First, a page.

The glorious Hanuma neared the city of Lanka ruled by Ravana, and saw the city which looked like the city of Gods in heaven, decorated by moats filled with lotuses and water-lilies, which was well protected, since the time of Seetha's abduction, by Ravana and by Rakshasas with horrifying voices roaming around, which was surrounded by a golden boundary wall, that beautiful great city consisted of houses equal in height to mountains and which looked like autumnal clouds, with white and elevated main streets, decorated with flags and pennons, with excellent golden hued archways adorned with sculpted rows of vines.
पप्रप्राकारजघनां विपुलाम्बुनवाम्बराम् |शतघ्नीशूलकेशान्तामट्टालकवतंसकाम् || ५-२-२१मन्सेव कृतां लङ्कां निर्मितां विश्वकर्मणा |द्वारमुत्तरमासाद्य चिन्तयामास वानरः || ५-२-२२
Hanuma saw the city of Lanka with buttress and enclosure wall as her hip and loins, the vast body of water in the moat as her raiment, Satagnis and Sulas as her locks, the mansions as her earrings, constructed by thought. He reached the northern gate and thought thus.
Sundara Kanda Section 2[13]
As we can see from the verses above, Hanumana first paid close attention to the buttress/enclosure wall of the Lanka fort and the moat, the two of the parts of Lanka that he would later assault. He also likens these parts of the city that he assaulted to a beautiful woman’s hip/loins, and raiment respectively. If we look at it through the lens of symbolism, this verse suggests that Hanumana assaulted the unchaste Lankan women (लङ्कां), by first targeting  their raiment, and then their hip and loins (a clear description of rape?). Take note of the fact that this is the same order in which the city of Lanka was assaulted by Hanumana. Hanumana first attacked the moat (i.e. symbolic raiment) and then the buttress/boundary wall (i.e. symbolic hips/loins).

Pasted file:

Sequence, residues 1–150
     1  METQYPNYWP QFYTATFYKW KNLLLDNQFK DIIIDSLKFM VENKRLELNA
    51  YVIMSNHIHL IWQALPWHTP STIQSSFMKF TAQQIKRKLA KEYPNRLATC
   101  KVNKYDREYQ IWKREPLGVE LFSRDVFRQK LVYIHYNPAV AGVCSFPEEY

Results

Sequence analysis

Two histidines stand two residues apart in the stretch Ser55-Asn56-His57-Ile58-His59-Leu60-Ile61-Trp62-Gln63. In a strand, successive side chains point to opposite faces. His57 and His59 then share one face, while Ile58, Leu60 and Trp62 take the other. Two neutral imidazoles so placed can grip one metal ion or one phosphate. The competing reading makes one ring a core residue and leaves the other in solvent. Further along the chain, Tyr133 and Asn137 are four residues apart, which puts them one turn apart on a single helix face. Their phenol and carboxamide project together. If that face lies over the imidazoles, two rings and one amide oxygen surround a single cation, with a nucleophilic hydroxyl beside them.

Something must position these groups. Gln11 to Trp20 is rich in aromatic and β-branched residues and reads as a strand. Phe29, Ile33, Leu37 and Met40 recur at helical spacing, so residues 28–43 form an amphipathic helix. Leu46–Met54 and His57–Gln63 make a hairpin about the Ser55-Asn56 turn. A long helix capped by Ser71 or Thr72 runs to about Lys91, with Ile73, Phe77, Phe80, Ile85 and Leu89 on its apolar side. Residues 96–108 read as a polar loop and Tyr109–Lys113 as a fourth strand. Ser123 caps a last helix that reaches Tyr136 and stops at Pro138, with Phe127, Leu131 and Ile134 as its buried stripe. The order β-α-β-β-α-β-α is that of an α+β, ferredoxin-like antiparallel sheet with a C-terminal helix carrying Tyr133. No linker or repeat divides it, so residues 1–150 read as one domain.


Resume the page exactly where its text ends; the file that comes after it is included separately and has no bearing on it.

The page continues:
In the very next section (Sundara Kanda Section 3), Hanumana waits till evening to enter the city of Lanka. In the evening, when he enters the city of Lanka, he again likens the city of Lanka to a woman:
ताम् रत्न वसन उपेताम् कोष्ठ आगार अवतंसकाम् |यन्त्र अगार स्तनीम् ऋद्धाम् प्रमदाम् इव भूषिताम् || ५-३-१८ताम् नष्ट तिमिराम् दीपैः भास्वरैः च महा गृहैः |नगरीम् राक्षस इन्द्रस्य ददर्श स महा कपिः || ५-३-१९
That great monkey saw that city of king of rakshasas like a wealthy woman decorated with diamonds for her clothes, with various storage houses as earrings, with amouries for her breasts. Due to the lamps that illuminated the radiant great houses, all darkness was lost.
Sundara Kanda Section 3[14]
In Lanka, Hanumana engaged in war with some of Ravana’s army and was described to have destroyed their arsenal and defeated the forces sent by Ravana. After that Ravana sent Indrajita, and Hanumana got captured by Indrajita. So, Hanumana conquered the arsenal of Lanka, just like how one conquers a woman breasts, in sexual intercourse, when raping them. This is again another piece of symbolism that suggests that Hanumana raped women in Lanka.

Furthermore, after Ravana was killed by Rama in Yuddha Kanda, Mandodari lamented and said on behalf of all of Ravana’s consorts the following:
यदिअव नगरीं लङ्कां दुष्प्रवेशां सुरैरपि |प्रविष्टो हनुमान्वीर्यात्तदैव व्यथिता वयम् || ६-१११-१०
"We felt painful, the moment Hanuma penetrated, by dint of his prowess, deep into the City of Lanka, which was difficult to be entered even for gods."
Yuddha Kanda Section 111[15]
This translation by KMK Murthy would make us believe that Hanumana simply entered the city of Lanka via his physical prowess, and that caused the females to feel painful. However, Sundara Kanda says that Hanumana just slipped into Lanka under the disguise of the night, and in a small form, without any resistance. He did not exhibit any sort of prowess in entering the city of Lanka. Furthermore, why did Mandodari say that she and her other consorts felt pained when Hanumana entered Lanka? As far as the commonly known interpretation goes, Hanumana just targeted the army of Lanka, not the consorts of Ravana... This all shows that there is more than what meets the eye.
So, to better understand the verse, I would suggest to consult the sanskrit of that verse. In the verse above, the translator translates प्रविष्टो as “penetrated”. However,that word also refers to “the penetration that occurs via sexual intercourse”. Likewise, the translator translates दुष्प्रवेशां as "difficult to be entered". However, that word also means "difficult to be penetrated in sexual intercourse". Furthermore, in the verse above, the word वीर्या was translated as “prowess”. However, the word also means “virility” or even “semen virile”. In addition, the phrase नगरीं लङ्कां, which was translated as "the City of Lanka", also means "the City of unchaste women". After all, in verses 5.2.14-18 and 5.3.18-19, Hanumana likens the city of Lanka to a beautiful woman with hips, loin, breasts, and earrings emphasized...